Why would you risk limiting that success by limiting your leadership to certain groups of people?

Organisations that see only 50% of leadership candidates risk not seeing possible opportunities that are within reach, and potential pitfalls that are on the horizon.

A complete lack of diversity at the top is a red flag, and could raise immediate questions about a firm's practices and culture. It is always possible that these questions may be answered in a satisfactory manner. Then again, they may not be…

 

This is more than just a business issue

 

There are steps businesses can take now to diversify the pipeline of talent to the top, to add to the women that are already knocking loudly on the door of boardrooms across the country. However, not all the onus is on companies. Even as women have incrementally gained leadership positions, we must look at what we can do as a society. We all need to look at the way we engage with women from a young age, the value we place in different leadership styles and the strength that comes from having differing opinions – of course, not just in business.

 

Curriculums must support girls into traditionally male-dominated subjects

 

Education, as in all walks of life, is crucial. We need to ensure that young women don’t feel discouraged from entering traditionally male-dominated subjects like STEM and finance both at high school and university, which can lead to higher pay and higher positions.

On top of this, providing women with training for board-level and executive roles, specifically, can be a great tool to break any glass ceilings. It’s a huge joy to me that I’ve been able to work in this area, both through my not-for-profit organisation, Board Apprentice, and as chair of the IoD.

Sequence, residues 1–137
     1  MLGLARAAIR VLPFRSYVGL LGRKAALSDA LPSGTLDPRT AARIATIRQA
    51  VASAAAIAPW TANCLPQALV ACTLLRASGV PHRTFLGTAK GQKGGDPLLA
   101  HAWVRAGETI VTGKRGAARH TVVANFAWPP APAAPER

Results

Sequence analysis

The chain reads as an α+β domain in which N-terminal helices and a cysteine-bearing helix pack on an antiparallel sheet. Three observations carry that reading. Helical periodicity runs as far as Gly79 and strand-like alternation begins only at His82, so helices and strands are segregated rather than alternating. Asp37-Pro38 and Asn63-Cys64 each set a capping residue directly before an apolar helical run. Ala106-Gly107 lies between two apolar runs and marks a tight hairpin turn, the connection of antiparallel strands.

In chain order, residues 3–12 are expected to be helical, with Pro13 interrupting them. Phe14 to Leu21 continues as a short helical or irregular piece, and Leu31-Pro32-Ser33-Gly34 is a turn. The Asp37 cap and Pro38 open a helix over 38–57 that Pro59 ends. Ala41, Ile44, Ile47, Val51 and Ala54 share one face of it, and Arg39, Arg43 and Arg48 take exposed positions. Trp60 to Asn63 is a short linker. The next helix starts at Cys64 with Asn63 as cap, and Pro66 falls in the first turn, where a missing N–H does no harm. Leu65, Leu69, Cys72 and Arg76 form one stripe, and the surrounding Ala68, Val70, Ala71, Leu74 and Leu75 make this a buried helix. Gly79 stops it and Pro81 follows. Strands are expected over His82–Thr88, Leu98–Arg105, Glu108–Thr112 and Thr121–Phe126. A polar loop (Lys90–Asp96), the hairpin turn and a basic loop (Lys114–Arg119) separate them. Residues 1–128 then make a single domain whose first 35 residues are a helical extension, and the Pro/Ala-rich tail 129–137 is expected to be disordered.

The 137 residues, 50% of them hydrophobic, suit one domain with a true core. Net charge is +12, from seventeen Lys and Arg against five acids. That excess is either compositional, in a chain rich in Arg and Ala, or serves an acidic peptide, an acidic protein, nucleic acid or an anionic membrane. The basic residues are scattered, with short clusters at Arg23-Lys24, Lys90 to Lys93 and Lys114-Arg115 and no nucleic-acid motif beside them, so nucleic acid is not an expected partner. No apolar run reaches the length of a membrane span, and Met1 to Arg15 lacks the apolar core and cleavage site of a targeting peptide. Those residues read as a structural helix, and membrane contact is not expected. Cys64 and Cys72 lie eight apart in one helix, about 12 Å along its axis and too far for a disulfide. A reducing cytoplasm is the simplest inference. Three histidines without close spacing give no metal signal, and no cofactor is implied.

Inclusive networks can overcome ‘old boys’ club’ mentality

 

Building inclusive networks is also paramount. Like it or loathe it, networking is a part of the life of a senior business person. While women have historically been shut out of ‘old boys’ clubs’, we now have a huge opportunity to reinvent what is meant by a network of leaders, to recast them as inclusive spaces for development.

 

Current leaders must champion diversity

 

At the end of the day, however, it comes back to the attitudes of the current crop of leaders. Any efforts to improve diversity must begin and end with those already at the top. Not only do leaders set the tone for their organisations, but they also hold the reins. It’s in their gift to truly question whether their organisation is incorporating inclusive practices, from recruitment, to retention, to workplace culture. They need to walk the walk.

For all of us, questioning ourselves, holding what we do up to the light is one of the trickiest things in life. For people who have reached the top and found success through hard work, skill, and determination, it is perhaps even trickier.

Nonetheless, this is what we must do. Indeed, it is this ability to question oneself and seek constant improvement that sets apart the best leaders.